My Light My Hood

Hong Kong Artists Reassembling parts of Hong Kong in a Garage

Illuminating the beginning of Staunton Street with a kind of nostalgic glow, the exhibition “My Light,My Hood” curated by Ceekayello is hard to miss in the hustle and bustle of SoHo.  Discreetly chosen to open in a former garage Kong Space, the group exhibition presents creative works of six artists of various artistic disciplines and their collective risk-taking spirit and aptitude to incorporate their newly acquired skills of neon light making into their arts, with the aim of taking viewers on a ride around places in Hong Kong that hold dear to the hearts of the artists, at the same time preserving the neon light culture of the city.

At the entrance of the exhibition is the skyline of Hong Kong shaped by colorful neon lights, it is the work of neon light old master Wong, who has passed on years of his skill and knowledge to the participating young artists.  The neon lights emit a paradoxical radiance that on one hand they trace the city’s iconic skyline and its incredible history of rapid development, and on the other hand shed light on the gradual disappearance of the neon light culture of Hong Kong.  

Courtesy of Ceekayello

The dichotomy of gain and loss, construction and destruction, resonates throughout the exhibition.  Hand embroidery artist @quiettomymess’ interactive embroidery installation has a witty title that plays on the similar sound of “tree” in Chinese and the interjection “Shhh”, and yet provokes a profound reflection on our relationship with nature when viewers are asked to stay quiet (Shhh!) and hold hands in order to light up the neon light leaves weaved in the work.  Installed with fallen branches collected in the artist’s most familiar neighborhoods, the work is the artist’s effort to call on community effort to listen to what the nature has to say and rebuild our beautiful neighborhood after the mass destruction caused by super typhoon Mangkhut.  Artist duo Rehyphenate have witnessed the transformation of Sai Ying Pun since the opening of MTR station in the neighborhood, the benefits of convenience and prosperity inevitably loosened up the close tie and harmony the community used to savor.  Recreating the spot for books swapping which was common in the old time, the work “A Stop for Your Book” takes us back to the time where life was tranquil and simple.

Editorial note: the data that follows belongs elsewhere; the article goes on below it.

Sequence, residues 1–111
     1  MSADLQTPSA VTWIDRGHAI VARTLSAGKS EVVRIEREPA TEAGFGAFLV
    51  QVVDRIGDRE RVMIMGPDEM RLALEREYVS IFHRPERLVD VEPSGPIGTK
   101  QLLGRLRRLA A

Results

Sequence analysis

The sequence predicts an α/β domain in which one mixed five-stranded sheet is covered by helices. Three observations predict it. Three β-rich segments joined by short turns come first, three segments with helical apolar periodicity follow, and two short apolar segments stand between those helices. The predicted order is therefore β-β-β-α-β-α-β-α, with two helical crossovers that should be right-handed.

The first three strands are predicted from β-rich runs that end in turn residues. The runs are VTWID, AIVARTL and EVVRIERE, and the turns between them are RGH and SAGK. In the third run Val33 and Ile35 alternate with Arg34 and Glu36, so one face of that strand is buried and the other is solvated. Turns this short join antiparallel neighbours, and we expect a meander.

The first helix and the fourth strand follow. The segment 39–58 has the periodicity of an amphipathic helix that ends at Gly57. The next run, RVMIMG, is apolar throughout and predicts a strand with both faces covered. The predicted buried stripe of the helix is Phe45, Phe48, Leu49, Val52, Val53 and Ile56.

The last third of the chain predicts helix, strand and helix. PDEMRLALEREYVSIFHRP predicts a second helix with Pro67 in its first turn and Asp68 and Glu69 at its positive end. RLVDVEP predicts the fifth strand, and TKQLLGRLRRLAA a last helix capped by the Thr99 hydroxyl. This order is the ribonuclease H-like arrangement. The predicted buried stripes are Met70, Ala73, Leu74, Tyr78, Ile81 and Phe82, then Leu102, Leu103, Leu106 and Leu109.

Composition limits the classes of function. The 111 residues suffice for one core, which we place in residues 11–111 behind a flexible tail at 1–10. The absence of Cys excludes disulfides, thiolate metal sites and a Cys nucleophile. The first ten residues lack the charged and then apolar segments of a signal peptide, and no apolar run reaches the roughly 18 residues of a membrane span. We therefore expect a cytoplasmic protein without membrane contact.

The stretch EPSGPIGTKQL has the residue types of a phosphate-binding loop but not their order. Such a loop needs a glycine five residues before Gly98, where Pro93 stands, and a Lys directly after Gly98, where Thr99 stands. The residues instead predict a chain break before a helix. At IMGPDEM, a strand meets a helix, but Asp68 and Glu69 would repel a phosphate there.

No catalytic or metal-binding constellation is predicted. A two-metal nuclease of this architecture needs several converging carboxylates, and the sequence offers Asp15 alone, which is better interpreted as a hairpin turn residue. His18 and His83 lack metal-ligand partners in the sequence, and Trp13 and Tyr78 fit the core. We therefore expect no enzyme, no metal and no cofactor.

The subject of finding peace and tranquility in this concrete jungle is also manifested in the works of artists Daniel Kamp and Frédéric Bussière.  Kamp’s sculpture “The Place Between” is composed of contrasting elements of shape, texture and space.  Representing the vibrancy of Hong Kong city life, the neon lights are placed in between architectural stainless steel structures that suggest the skyscrapers in Hong Kong, surprisingly evoking a sense of ethereal stillness.  This calmness and lightness are grounded by the bedrocks at the base, implying it is the gift of nature.  Set against the background of Yuen Long Wetlands, Bussière’s lithograph, “The Sleeper in the Vale”, is a narrative of an android being murdered on a peaceful land surrounded by a city, juxtaposing the robotic lifestyle and ephemeral of modernity with the balance and eternity of nature.

Felix Chan’s “Dance of the Chinese Unicorn” and Rosetta Heung’s “Night Lights” are love letters to the neighborhoods in which they grew up.  Positioned beside each other, Chan’s colorful unicorn, a mascot in traditional Hakka culture, and Heung’s silhouette of Hong Kong high-rise inform the diversity of this multifaceted city.  

Together these artists have assembled not only their creativity and sentiments towards different parts of Hong Kong in a garage, but also our collective memory of Hong Kong culture and heritage.  With community effort, the “light” of our “hood”will continue to glow.

My Light My Hoodruns from December 3, 2018 to January 14, 2019 at Kong Art Space, 3 Staunton Street, Central, Hong Kong.